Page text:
Lessons learned

This week is shaping up to be one of the worst I’ve worked in a while. When I go to sleep at night, my face is so tense that I have to mentally and physically relax it so I can go to sleep. My ankles have swollen to twice their size and new spider veins have appeared on my already spidery thighs. In three days, I’ve worked 43 hours – and that’s not even taking call. I still have at least 10 hours a day for the next two…followed by a 24-hour call Saturday. If you’re the ACGME and reading this, my sincerest of apologies. In my world, patient care and taking care of my junior residents and nurses supercedes you and your work hour restrictions. In other words, kiss my white Irish ass.

But I digress.

After Monday’s opening ceremonies for the August Goat Rodeo, things have not improved. All my kids are at various places on the “trying to die” continuum. When I came in this morning, six of my grand total eight patients were on ventilators. We withdrew support on one patient in the late morning, one was made a DNR in the late afternoon, and another is trying less hard to die (but could blow raspberries at us at any moment and say, “Fooled you!” as she’s beating feet for the Pearly Gates). We extubated three of them successfully, and threatened one with reintubation (stupid teenagers).

Yesterday sucked hard too. I yelled at more residents than I saw patients in my afternoon clinic. One got chewed out because he failed to arrange follow up for a newborn that missed an appointment and is already immunization delayed. Another got chewed out for failing to pay attention to the big picture (where I come from, we don’t treat x-rays or numbers – we treat patients). I can’t remember the other snarky things I said but I’m sure it was colorful and involved the use of the f-word. A lot.

I want to yell and scream and shout and cry and be angry.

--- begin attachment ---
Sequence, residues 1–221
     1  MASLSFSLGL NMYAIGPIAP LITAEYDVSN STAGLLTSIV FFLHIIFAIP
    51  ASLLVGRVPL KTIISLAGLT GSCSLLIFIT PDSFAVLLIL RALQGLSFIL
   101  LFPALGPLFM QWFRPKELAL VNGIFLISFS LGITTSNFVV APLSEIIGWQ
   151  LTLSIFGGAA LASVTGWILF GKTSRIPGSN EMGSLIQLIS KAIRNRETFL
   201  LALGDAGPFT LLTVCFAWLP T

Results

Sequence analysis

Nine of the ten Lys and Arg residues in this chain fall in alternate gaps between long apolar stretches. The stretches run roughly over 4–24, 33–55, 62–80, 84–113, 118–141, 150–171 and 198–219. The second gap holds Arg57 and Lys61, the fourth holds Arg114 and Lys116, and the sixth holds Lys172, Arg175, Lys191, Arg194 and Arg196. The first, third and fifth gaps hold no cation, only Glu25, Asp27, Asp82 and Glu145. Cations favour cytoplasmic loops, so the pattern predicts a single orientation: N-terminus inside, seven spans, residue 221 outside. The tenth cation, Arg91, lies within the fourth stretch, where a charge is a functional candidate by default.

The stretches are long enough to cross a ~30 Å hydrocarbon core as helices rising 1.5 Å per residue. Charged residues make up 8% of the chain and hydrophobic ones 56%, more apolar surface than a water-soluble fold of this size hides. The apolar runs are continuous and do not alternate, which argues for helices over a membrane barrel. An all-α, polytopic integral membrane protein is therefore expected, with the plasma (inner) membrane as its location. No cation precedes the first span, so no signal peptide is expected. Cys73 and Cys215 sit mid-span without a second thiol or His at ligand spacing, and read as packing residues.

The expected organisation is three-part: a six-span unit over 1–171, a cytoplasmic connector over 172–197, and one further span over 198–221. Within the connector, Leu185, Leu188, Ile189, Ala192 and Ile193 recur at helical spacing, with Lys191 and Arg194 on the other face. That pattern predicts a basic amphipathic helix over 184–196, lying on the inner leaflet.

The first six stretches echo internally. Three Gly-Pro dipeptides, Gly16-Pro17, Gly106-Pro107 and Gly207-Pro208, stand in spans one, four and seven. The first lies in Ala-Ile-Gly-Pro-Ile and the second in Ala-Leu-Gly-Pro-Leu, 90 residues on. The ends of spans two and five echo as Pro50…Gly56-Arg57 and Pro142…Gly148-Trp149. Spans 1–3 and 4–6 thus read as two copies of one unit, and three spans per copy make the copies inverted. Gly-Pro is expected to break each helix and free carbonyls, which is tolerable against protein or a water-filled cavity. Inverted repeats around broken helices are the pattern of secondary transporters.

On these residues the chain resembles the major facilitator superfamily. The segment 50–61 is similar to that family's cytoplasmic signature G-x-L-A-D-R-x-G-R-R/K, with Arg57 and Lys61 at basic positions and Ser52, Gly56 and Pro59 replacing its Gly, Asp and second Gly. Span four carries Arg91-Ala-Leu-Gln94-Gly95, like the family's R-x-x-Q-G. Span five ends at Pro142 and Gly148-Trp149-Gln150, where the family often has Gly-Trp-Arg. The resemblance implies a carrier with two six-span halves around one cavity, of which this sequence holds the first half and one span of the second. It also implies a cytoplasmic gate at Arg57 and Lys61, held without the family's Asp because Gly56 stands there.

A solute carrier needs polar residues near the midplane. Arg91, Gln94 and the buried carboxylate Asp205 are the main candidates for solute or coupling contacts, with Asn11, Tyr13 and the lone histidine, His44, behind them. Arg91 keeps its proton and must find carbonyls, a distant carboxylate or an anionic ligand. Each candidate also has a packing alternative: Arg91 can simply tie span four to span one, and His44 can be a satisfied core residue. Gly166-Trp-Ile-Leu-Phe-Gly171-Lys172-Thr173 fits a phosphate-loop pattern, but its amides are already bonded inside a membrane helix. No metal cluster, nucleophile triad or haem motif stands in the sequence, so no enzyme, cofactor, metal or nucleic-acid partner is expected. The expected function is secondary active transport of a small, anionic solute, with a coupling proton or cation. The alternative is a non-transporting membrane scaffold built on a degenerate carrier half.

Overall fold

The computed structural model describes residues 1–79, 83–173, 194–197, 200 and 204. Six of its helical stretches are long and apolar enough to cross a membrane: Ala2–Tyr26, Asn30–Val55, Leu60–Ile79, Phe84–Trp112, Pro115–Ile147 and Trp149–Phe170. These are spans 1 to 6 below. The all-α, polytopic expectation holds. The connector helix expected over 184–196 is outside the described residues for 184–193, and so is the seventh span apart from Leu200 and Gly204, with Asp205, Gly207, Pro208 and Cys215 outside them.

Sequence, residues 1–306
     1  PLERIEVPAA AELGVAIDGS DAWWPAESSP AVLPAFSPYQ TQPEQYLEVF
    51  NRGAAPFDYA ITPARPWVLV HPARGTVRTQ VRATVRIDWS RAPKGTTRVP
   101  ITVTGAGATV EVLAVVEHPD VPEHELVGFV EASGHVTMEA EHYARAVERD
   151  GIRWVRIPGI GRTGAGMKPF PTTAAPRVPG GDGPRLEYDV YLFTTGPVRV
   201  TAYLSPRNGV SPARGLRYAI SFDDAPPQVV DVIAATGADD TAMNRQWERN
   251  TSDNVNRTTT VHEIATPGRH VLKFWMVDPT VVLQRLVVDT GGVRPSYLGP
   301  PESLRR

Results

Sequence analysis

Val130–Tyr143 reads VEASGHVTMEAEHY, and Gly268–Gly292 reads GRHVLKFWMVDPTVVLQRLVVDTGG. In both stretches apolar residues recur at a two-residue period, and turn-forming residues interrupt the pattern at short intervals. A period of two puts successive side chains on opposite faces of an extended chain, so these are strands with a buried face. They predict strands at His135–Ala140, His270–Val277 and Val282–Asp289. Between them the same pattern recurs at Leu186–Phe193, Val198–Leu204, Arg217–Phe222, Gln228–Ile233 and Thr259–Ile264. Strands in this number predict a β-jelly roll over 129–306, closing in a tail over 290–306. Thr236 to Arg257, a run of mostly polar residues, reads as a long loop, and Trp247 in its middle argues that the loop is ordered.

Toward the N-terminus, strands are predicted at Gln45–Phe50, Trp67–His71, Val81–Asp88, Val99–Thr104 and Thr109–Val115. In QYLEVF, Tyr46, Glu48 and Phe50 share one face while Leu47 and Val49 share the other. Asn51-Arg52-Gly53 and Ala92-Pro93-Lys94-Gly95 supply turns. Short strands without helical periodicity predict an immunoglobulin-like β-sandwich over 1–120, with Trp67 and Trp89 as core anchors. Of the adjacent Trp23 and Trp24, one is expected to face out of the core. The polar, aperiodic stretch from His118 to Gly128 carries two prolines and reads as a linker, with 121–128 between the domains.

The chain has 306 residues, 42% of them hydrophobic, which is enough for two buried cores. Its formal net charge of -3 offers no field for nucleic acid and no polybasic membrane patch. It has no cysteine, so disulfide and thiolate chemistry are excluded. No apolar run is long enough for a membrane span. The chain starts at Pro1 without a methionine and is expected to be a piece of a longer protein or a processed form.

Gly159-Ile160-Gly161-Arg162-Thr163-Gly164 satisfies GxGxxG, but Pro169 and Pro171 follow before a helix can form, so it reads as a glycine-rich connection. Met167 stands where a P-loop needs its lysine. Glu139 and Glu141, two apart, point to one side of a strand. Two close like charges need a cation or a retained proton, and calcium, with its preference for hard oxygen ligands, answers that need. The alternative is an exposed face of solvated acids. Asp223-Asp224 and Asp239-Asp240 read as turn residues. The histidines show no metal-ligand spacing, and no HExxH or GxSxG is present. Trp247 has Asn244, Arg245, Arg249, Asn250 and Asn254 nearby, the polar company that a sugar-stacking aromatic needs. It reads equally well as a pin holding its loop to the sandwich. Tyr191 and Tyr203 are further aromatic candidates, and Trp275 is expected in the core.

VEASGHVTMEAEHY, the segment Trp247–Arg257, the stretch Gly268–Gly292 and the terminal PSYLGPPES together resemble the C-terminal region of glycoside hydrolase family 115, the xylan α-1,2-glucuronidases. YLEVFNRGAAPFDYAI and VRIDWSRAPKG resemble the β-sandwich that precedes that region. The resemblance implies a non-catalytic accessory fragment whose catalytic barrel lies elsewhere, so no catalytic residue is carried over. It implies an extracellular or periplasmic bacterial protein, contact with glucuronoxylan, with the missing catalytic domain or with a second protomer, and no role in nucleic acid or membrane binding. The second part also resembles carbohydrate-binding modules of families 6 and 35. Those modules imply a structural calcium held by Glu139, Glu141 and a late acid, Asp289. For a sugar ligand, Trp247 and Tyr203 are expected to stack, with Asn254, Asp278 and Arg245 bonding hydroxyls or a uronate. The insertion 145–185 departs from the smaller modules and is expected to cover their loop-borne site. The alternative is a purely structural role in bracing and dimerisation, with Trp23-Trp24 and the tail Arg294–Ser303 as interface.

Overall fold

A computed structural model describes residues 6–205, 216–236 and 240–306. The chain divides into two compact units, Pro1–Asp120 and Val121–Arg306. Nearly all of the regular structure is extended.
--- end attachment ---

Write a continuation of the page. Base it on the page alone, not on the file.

But I’m not going to do any of that. It’s only going to make me feel better in the moment. I’ve pacified myself with knowledge instead.

I learned that by taking the extra five damn minutes that you really don’t have to look a family in the eye and give them the answers to their questions straight up sans bullshit can make all the difference to them in the world.

I learned that by holding someone’s hand and saying to them, “I know you’re scared. I’m here. Squeeze my hand when you’re afraid.” works better than telling them to stop crying and thrashing about.

I learned that dying is never easy and that it’s doubly hard on the caregivers, nurses and doctors included.

I learned that I’m trusted and that I’m really not so bad at what I do.

I learned that other people respect me because of who I am and because I try to be a good doctor and a good person.

I learned it’s ok to not know all the answers. Sometimes the attendings don’t even know them, either.

I learned I really need to brush up on my 90’s movie trivia if I’m going to be working with this one attending.

I didn’t have time today to open any books, or hop on PubMed and look up articles. It didn’t matter. I still did plenty of learning today.

Moment of Burrito: “That’s because you’re the resident that no one should fuck with.” – Terri, one of my favoritest PICU nurses

About Beth

Writer//Reader//Runner//Hockey Fan//Baseball Lover//Pediatrician//Mom
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3 Responses to Lessons learned

  1. ndykman says:

    I am so telling. Actually, I won’t. And, yes, I have yet another 2#$@#% web account. Thanks, you (must comment on blog… argh!) 8-)

    Sounds like a huge ball of suck. I know are working hard, but patient care if hard when you are dead or burnt like toast on a tin roof. So promise you won’t make this a habit, okay? We can’t lose Dr. Burrito.

  2. Mr. Noodle says:

    I am not exactly sure how you do what you do but, please, keep doing it…

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